Hotel Online  Special Report
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Attitude vs Aptitude

E-mail:  hospsvc001@aol.com
Harry Nobles & Cheryl Thompson, June 2001

One dictionary defines aptitude as “natural tendency or talent; ability."  The same dictionary defines attitude as “a way of thinking, acting, or feeling."   I interpret this to mean that aptitude enables a person to  perform a task while attitude  determines how well the person performs that task.  Which is more important?  Is one more important than the other? 
 
Can a hotel employee with great aptitude, but a poor attitude provide superior guest service?  Absolutely.  The more pertinent question is: will that employee consistently provide the level of service you want and  your guests deserve?  Probably not.   Can 
Ask Harry and Cheryl
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the poor attitude sometimes adversely affect job performance?  Absolutely. 

What about the opposite?  Can a positive attitude compensate for less aptitude?   I think it can,  at least partially.  As a “professional guest,"  I am far more tolerant of a genuinely cordial and guest-oriented employee  who may not be a technical wizard than I am of the super efficient desk clerk who does not smile, or even look at me during check in.  Surveys indicate that many of your guests share my tolerance.

A prospective employee’s aptitude is often tested as part of the recruitment and hiring process. What about attitude after the applicant is employed and dealing with your guests every day? 

How can you assess your employees’ attitude?  What can you do about poor attitude?  In my opinion,  assuring that communication channels are always open is an excellent way to evaluate your staff’s attitude.  The communication must be two-way.  If you keep your employees informed and make them feel comfortable in keeping you informed,  you can more accurately assess their attitude.   I do not suggest “gripe” sessions as I do not think they are productive.  I suggest property-wide discussion  or focus groups.  The groups should be small enough to permit and encourage maximum participation.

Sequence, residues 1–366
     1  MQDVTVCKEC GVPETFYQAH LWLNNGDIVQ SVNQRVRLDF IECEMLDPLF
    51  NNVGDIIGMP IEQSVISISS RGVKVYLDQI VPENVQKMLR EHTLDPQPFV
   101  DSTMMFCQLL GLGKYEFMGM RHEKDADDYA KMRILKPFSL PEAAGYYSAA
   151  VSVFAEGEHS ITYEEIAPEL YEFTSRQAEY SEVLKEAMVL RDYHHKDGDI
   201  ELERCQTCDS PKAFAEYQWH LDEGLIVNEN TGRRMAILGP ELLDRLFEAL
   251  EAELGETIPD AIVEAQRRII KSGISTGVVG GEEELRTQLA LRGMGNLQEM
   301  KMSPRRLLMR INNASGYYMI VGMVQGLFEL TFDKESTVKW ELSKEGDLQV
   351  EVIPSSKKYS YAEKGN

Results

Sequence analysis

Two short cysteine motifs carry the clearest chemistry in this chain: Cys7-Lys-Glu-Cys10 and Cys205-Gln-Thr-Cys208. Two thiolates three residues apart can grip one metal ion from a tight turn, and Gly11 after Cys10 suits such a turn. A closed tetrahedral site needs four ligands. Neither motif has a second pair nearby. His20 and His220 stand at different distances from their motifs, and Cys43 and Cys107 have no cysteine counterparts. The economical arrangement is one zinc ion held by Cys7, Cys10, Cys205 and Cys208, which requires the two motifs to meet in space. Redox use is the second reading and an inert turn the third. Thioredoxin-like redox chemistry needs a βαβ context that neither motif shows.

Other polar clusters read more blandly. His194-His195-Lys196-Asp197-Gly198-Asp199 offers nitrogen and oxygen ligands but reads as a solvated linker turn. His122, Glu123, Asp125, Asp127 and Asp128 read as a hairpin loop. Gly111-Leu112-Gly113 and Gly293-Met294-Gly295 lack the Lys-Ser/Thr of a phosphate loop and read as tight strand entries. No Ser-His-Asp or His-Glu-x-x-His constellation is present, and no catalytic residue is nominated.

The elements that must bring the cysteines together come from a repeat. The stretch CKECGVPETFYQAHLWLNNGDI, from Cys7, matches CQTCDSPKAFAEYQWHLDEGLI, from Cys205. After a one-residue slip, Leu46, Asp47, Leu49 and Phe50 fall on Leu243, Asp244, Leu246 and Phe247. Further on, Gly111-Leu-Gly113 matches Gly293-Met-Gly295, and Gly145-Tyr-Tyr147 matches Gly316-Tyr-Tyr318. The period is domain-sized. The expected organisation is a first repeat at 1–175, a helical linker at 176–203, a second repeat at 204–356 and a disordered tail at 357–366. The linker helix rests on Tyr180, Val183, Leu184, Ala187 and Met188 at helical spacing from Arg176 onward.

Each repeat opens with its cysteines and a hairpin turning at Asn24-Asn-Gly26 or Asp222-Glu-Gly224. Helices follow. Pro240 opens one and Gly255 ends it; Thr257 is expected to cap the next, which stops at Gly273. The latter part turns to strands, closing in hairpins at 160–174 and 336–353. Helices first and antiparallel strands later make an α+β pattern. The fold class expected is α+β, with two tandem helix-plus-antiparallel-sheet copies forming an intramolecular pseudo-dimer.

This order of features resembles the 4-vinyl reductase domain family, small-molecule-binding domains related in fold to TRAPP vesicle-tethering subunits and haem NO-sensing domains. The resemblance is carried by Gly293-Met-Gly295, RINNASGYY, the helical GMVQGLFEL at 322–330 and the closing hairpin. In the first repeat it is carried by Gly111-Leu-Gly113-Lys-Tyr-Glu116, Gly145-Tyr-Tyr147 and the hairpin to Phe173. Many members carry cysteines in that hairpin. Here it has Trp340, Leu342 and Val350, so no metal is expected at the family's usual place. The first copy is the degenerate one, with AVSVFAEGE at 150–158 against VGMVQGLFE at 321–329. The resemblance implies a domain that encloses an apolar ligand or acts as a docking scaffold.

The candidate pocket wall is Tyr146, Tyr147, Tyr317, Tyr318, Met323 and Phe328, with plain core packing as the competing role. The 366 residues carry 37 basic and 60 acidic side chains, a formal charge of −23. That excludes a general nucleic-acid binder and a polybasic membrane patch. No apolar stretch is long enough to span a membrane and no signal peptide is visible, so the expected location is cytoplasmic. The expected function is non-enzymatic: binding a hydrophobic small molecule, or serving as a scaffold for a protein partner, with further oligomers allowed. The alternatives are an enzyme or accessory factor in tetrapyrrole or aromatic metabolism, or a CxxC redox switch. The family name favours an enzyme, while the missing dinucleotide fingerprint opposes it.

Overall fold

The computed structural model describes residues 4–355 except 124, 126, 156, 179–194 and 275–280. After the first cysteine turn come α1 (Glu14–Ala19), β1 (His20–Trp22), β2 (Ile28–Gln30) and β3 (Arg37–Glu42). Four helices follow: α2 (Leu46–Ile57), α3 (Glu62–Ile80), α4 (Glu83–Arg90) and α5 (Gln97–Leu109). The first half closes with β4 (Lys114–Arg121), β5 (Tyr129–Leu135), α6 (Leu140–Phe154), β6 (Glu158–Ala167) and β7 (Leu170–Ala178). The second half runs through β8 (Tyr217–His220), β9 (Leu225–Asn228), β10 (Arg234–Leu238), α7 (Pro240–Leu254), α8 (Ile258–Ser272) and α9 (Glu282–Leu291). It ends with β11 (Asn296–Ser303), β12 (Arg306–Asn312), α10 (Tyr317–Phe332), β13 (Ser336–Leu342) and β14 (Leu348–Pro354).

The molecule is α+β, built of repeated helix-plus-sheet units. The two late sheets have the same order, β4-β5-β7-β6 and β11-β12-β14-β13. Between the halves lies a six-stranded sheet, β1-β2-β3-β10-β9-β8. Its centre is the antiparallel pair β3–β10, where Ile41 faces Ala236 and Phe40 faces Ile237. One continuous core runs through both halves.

A suggestion program is another way to get feedback from your staff.  You can tell a lot about attitude from suggestions and comments.  I do recommend that all suggestions received be answered.  An unanswered suggestion can send the message that management is not really serious and just going through the motions. 

I also think you should reward suggestions that are adopted, and explain why others cannot be implemented.

Mystery shopping can also help you assess employee attitude.  Experienced  and insightful shoppers can tell you a lot about how employees are interacting with your guests, and what attitude they are projecting.  Mystery shopping can also
identify employees who merit positive recognition.  This can be a significant factor in your overall program of rewarding and reinforcing positive attitude.

If  you identify the existence of poor attitude at your property, there are some things you do to correct the problem.  Some suggestions  next time.  Please contact us if you have comments or questions.

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Contact:

Harry Nobles Hospitality Consulting
POC:  Harry Nobles
E-mail:  hospsvc001@aol.com
Phone:  757-564-3761
Fax:        757-564-0076
www.optimumrating.com

Credentials: 

  • Former head of AAA Lodging/Dining Ratings Program. 
  • An independent consultant serving the hospitality industry. 
  • A Special Training Consultant to the Educational Institute, American Hotel/Motel Association
Also See: Female Business Travelers' Expectations / June 2001
Is Outsourcing Your Training a Viable Alternative? / June 2001
Unique Identity + Consistent Service = Success / May 2001
AAA Standards vs  Guests' Expectations / May 2001
Are Your Guests Better Informed Than Your Staff? / April 2001
Are U.S. Hotels Rated Differently From Other North American Hotels? / April 2001
The Design Theme - AAA / Mobil Ratings Connection / March 2001
Attitude Can Make the Difference / January 2001
How Should Casino-Hotels be Rated? / Dec 2000
Does AAA Rate Resorts Fairly? / Nov 2000
Is Your Property Suffering From Design Deficiency? / Nov 2000 
The Future of AAA Ratings / September 2000
What Is Your Optimum AAA Rating / August 2000
If You Disagree With Your AAA Rating…../ June 2000
Are AAA Ratings Always Accurate and Objective / May 2000
Creating Atmosphere / Jan 2000
What is "Atmosphere"? / December 1999
Maintaining Your AAA Rating / Nov 1999
Earning a AAA Rating vs Maintaining a AAA Rating: Which Is More Difficult?  / Oct 1999
Can Outstanding Service Offset Hotel Physical Deficiencies in the Rating Systems? / Harry Nobles / June 1999 
Consistency: The Hallmark of a Fine Hotel / September 1999
Who Should Train Your Employees  / Aug 2000 
Mobil Travel Guide Announces 1998 Mobil Four-and Five-Star Award Winners / Jan 1998 
Key to Success: Training + Follow-Up / June 2000
The Legend of the Pineapple / Harry Nobles / Feb 1999 
To Harry Nobles Hospitality Consulting Index Page

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